Navigation Links
Researchers discover genes involved in colorectal cancer
Date:11/6/2011

A jumping gene with the fairy tale name "Sleeping Beauty" has helped to unlock vital clues for researchers investigating the genetics of colorectal cancer.

A study published today used the Sleeping Beauty transposon system to profile the repertoire of genes that can drive colorectal cancer, identifying many more than previously thought. Around one third of these genes are mutated in human cancer, which provides strong evidence that they are driver mutations in human tumours.

The collaborative project funded by Cancer Research UK and the Wellcome Trust was led by Dr David Adams from the Wellcome Trust Sanger Institute, and Dr Douglas Winton, of the Cancer Research-UK Cambridge Research Institute.

"These findings, when combined with mutation data from human colon cancers, will drive forward our understanding of the processes that lead to colorectal cancer," says Dr Adams, senior author from the Sanger Institute. "They demonstrate how many genes can contribute to this cancer and how these genes work together in the development of this disease".

The Sleeping Beauty transposon system induces genetic mutations at random, identifying and tagging candidate cancer genes, the drivers that cause colorectal cancer. This system has become critical in uncovering the genetic pathways that cause cancer, and, in this study, the team identify more than 200 genes that can be disrupted in human colorectal cancers.

Colorectal (bowel) cancer is the third most common cancer in the UK, and the second most common cause of cancer deaths after lung cancer; just under 40,000 people were diagnosed with bowel cancer in the UK in 2008 around 110 people every day a figure which has shown little improvement over the last decade.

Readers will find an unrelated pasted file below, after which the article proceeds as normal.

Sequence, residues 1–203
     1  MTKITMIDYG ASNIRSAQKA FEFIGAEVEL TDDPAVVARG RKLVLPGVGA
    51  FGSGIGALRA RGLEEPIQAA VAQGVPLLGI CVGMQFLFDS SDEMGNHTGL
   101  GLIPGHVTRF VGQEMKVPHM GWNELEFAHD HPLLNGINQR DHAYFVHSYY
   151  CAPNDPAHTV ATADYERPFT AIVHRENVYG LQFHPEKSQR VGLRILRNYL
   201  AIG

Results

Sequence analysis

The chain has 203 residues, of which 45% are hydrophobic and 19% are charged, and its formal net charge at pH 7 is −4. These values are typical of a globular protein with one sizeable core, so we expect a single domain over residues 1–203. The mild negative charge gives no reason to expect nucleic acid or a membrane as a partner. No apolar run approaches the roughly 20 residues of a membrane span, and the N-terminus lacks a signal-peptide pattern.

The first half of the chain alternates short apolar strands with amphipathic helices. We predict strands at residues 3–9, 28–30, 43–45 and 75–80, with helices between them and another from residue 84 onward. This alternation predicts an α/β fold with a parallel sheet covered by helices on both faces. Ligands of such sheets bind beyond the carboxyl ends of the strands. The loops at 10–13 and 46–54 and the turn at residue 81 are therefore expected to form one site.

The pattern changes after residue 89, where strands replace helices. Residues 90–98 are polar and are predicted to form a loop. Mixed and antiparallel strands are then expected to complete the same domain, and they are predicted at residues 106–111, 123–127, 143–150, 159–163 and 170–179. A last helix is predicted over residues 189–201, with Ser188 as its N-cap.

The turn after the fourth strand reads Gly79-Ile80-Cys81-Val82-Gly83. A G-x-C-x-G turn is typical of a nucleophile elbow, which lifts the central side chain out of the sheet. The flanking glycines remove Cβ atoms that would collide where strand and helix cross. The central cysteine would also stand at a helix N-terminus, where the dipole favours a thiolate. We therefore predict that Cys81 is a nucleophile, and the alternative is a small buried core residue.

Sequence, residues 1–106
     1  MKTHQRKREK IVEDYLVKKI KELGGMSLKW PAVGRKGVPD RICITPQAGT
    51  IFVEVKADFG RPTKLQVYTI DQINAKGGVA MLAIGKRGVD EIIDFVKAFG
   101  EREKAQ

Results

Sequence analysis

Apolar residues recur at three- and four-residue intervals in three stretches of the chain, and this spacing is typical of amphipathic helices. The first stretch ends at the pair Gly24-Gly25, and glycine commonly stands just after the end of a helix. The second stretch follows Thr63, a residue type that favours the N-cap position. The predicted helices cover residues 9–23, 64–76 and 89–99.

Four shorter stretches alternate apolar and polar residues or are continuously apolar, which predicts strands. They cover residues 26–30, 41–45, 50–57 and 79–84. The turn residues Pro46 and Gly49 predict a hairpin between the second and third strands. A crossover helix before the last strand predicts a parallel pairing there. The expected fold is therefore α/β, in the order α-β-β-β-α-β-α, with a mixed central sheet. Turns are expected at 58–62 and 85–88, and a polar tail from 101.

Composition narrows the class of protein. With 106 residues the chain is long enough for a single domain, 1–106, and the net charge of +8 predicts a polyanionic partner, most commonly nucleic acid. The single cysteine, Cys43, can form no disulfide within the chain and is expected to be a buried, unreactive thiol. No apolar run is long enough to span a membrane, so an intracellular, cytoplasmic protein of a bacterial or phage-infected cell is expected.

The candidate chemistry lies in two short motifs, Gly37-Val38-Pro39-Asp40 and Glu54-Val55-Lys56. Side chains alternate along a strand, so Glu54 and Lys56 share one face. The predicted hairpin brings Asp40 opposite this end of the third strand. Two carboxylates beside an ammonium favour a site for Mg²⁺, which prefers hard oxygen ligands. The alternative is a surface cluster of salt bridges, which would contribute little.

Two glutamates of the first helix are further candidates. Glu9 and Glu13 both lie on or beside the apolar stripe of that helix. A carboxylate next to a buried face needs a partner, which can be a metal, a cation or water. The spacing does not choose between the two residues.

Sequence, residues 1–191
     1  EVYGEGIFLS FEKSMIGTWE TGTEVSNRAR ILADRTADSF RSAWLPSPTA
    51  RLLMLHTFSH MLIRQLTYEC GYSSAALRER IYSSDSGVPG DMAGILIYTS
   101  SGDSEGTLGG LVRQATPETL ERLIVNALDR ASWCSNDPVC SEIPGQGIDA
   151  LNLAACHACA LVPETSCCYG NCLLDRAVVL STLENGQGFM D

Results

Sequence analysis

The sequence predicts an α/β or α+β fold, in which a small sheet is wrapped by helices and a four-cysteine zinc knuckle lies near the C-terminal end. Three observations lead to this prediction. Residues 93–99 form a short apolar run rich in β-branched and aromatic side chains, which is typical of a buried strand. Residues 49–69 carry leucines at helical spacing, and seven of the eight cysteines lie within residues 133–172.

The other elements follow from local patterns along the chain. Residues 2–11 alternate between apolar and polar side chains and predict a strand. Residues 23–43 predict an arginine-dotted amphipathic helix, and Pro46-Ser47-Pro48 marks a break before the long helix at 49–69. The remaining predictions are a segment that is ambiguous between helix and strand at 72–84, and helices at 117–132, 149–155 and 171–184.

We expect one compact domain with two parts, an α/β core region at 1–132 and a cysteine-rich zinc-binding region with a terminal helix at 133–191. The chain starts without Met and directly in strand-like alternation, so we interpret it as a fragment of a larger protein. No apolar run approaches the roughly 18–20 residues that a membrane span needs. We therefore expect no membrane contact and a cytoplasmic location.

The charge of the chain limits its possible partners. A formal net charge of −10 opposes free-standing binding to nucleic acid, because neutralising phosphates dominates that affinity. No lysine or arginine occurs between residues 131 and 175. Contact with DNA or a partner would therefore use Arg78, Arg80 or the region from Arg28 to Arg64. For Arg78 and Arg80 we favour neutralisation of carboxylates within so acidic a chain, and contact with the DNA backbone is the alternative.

"Our research provides a rich source of candidate genes that represent potential diagnostic, prognostic and therapeutic targets, and defines the breadth of genes that can contribute to cancer of the intestine," says Dr Winton, senior author from the Cancer Research UK Cambridge Research Institute. "It is becoming increasingly clear that cancers are driven by mutations in disparate collections of genes and it is essential that we tease apart the important changes."

Current thinking is that perhaps around 50 major drivers are mutated in any one cancer cell, but the number and identity of all of the cancer drivers, and how many drivers are found in each type of cancer, is largely unknown. By performing screens for cancer genes in the mouse and by then comparing them to data from human tumours the team identified a rich catalogue of new candidate genes helping to refine the genes that genetic pathways that drive bowel cancer development.

"At its heart, cancer is a disease driven by faulty genes," says Dr Lesley Walker, director of cancer information at Cancer Research UK. "Research suggests that each cancer cell has a number of 'driver' faults that make them grow out of control, as well as 'passenger' faults that they pick up as the disease develops. This technique is helping us to tease out the key drivers of bowel cancer, laying the foundations for more effective, targeted treatments for the disease in the future."